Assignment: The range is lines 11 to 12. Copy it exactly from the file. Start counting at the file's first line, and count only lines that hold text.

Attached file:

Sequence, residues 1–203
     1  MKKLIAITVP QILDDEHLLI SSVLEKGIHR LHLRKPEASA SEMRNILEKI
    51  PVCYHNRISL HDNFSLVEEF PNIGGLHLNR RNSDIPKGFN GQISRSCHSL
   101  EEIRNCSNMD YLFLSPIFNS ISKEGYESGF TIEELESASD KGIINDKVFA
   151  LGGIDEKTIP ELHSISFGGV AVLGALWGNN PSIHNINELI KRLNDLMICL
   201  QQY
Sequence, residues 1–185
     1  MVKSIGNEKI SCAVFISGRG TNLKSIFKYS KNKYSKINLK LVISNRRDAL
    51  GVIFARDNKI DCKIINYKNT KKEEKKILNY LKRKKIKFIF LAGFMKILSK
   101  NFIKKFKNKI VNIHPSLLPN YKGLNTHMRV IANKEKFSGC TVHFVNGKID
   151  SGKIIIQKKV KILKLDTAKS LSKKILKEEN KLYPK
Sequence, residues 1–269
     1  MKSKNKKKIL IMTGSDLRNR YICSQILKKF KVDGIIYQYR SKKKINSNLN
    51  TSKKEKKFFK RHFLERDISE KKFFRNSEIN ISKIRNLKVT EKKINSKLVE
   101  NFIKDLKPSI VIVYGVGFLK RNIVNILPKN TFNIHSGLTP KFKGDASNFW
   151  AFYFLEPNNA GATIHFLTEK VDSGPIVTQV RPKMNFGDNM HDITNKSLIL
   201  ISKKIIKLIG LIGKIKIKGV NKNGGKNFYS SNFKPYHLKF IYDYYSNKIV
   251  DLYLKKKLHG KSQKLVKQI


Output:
   151  SGKIIIQKKV KILKLDTAKS LSKKILKEEN KLYPK
Sequence, residues 1–269